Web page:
Although President Obama plans to lay out a new jobs-creation strategy after the Labor Day holiday, one prominent House Democrat isn’t waiting.
Rep. Dennis Kucinich of Ohio has begun urging his colleagues to support his National Emergency Employment Defense Act, which a statement from his office says is a “dramatic, new, concrete plan to get Americans working again, rebuild our crumbling infrastructure and to take control of our monetary policy from private banks to promote the public interest.”
“It is time to get real about creating jobs. Not just talk about it. But come up with real, concrete proposals which can put America back to work,” Kucinich says.
Washington policymakers have been preoccupied with debate for months over budget-cutting and the federal debt and deficit, jobs remain an issue, with the U.S. labor market mired in a deep slump with the national unemployment rate sitting above 9 percent.
In July, despite 17 months of private-sector job growth, there were still 6.8 million fewer jobs on nonfarm payrolls than when the recession began in December 2007.
It remains very difficult to find a job. The Labor Department’s most comprehensive alternative unemployment rate measure — which includes people who want to work but are discouraged from looking and people working part time because they can’t find full-time jobs — was 16.1 percent in July, not much below its all-time high of 17.4 percent in October 2009 in data that go back to 1994. By that measure, more than 25 million people are unemployed or underemployed, according to the Center for Budget and Policy Priorities, a Washington think tank.
“Our nation is in crisis. The economy is still on the edge of a precipice. The old ways aren’t working and won’t work. We can’t continue down the road that takes us deeper into debt and despair. There is a way out,” Kucinch says in a letter to his colleagues.
“That is why I am introducing The National Emergency Employment Defense (NEED) Act of 2011. It will end the debt. It will rebuild America. It will make the American Dream a reality for everyone; for today’s generation and for the generations to come. It gives our youth unrivaled career opportunities,” adds Kucinich, who gained national prominence through two unsuccessful bids for the White House in 2004 and 2008. “The NEED Act assures a sustainable fiscal path. It can reduce deficits to nothing, without tax hikes, spending cuts, or inflation. And it will pay off the national debt as it comes due. My legislation can end the recession, unemployment and the foreclosure crisis.”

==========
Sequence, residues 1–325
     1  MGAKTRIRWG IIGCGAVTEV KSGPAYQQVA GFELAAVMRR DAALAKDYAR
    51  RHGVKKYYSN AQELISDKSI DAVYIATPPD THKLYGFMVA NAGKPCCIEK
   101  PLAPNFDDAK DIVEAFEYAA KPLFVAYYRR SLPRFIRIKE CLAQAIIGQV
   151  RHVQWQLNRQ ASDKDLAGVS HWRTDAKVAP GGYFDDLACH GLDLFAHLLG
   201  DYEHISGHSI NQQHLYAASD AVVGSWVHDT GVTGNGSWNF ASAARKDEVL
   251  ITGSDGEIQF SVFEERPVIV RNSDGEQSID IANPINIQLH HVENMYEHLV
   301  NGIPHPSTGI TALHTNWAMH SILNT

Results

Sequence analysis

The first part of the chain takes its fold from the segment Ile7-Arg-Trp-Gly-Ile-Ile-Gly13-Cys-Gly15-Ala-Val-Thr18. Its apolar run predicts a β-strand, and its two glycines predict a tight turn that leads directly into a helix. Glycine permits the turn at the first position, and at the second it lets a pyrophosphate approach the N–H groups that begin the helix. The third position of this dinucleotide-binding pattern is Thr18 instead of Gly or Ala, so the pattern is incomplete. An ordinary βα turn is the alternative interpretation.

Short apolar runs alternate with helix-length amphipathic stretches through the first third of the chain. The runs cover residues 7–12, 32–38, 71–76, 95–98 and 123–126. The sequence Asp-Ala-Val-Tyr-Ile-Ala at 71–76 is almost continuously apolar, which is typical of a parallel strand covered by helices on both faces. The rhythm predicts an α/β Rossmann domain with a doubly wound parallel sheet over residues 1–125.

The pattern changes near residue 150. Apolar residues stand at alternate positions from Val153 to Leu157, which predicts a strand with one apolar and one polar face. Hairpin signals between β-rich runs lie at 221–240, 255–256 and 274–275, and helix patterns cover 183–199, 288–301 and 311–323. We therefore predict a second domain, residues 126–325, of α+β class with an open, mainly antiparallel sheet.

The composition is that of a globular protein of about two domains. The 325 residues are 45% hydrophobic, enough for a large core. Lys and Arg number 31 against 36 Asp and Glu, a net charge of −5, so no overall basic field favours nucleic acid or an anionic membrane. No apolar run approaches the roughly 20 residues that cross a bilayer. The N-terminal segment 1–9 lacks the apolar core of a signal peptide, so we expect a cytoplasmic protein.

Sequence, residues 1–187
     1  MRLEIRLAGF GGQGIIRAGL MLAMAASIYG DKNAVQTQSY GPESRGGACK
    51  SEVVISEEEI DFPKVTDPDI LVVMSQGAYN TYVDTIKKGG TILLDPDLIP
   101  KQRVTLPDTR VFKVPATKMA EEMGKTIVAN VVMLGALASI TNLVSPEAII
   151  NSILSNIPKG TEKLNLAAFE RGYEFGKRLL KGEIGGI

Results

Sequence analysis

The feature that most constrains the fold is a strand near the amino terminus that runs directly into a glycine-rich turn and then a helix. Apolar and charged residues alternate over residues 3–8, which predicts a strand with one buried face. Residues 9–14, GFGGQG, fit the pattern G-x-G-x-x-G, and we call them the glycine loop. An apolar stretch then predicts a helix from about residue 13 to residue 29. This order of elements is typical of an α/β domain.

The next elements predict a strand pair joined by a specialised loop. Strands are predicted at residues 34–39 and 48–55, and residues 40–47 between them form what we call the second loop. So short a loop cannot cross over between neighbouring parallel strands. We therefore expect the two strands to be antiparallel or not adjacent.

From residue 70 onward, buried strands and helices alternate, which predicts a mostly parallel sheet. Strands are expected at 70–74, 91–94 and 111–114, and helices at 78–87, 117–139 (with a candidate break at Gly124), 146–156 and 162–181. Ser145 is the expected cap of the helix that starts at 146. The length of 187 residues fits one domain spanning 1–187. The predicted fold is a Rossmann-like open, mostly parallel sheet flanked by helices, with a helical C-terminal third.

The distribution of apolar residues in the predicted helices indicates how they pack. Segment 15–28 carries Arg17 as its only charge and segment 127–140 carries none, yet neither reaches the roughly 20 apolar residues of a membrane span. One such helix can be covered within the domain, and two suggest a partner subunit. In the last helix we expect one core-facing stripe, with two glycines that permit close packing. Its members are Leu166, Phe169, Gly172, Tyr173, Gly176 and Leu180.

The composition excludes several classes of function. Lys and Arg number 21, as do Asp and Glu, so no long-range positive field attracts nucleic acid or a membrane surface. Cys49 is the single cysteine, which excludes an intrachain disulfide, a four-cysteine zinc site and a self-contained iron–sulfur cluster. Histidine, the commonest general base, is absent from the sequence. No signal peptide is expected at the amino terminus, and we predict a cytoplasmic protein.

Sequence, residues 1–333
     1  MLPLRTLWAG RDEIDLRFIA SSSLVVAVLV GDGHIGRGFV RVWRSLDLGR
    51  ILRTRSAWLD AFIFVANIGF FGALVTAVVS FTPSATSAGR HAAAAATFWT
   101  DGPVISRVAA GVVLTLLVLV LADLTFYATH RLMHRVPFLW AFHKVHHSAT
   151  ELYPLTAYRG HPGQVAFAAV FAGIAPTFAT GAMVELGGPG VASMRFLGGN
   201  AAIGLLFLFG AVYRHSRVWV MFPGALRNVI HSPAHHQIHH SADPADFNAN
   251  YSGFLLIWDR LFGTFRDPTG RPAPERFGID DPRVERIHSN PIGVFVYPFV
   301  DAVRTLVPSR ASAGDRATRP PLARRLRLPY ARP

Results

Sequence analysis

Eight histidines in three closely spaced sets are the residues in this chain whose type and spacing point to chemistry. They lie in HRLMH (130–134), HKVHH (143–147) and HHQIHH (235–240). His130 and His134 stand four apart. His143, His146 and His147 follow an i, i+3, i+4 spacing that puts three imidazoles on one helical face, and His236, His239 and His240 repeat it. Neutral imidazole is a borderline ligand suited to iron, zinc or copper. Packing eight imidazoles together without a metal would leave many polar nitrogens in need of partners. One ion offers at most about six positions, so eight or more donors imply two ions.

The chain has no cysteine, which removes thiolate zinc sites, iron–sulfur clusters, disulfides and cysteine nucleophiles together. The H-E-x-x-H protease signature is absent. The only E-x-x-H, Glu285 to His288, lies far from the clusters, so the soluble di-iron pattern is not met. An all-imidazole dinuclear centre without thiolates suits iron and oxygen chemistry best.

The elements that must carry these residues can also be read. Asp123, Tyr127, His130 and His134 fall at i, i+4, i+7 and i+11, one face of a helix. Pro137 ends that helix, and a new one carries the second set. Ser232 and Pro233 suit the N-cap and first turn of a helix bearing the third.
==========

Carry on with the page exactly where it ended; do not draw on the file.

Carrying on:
In the last 10 years, banks have added an average of $500 billion to the money supply per year, Kucinich says.
“This is a huge amount of power that Congress has given away,” he says. “The banks have shown that they’re incapable of using this power responsibly, or in the widest economic interest. Instead they’ve wasted most of it by pumping it into a series of unproductive bubbles. The loss to the nation is truly enormous, especially considering the opportunity cost of the real wealth that could be created with first use of that money.
“My bill reasserts the Constitutional right and responsibility of Congress to furnish the nation with a money supply fit for purpose,” Kucinich adds. “No more wild swings from economic boom to bust. No more erosion of purchasing power. We can at last have a stable currency.”
Kucinich says that his bill would do three things:
· Incorporate the Federal Reserve into the Treasury and make monetary policy truly accountable to the Congress and the American people.
· End the banks special privilege by no longer allowing them to create a U.S. money supply when they make loans, through a simple and non-disruptive accounting change.
· Invest money into renewing the nation’s crumbling infrastructure, making it fit for the 21st Century; creating real wealth and millions of good jobs at the same time.
“These essential changes will ensure our economy is the most efficient and prosperous in the world,” he says. “It will raise demand for American-made goods at home and abroad and reduce our trade deficit.”
The lawmaker says he plans to officially introduce his bill later this year. With Democrats in the minority in the House of Representatives, however, Kucinich’s legislation would face an uphill fight.
Scott Nance is the editor and publisher of the news site The Washington Current. He has covered Congress and the federal government for more than a decade.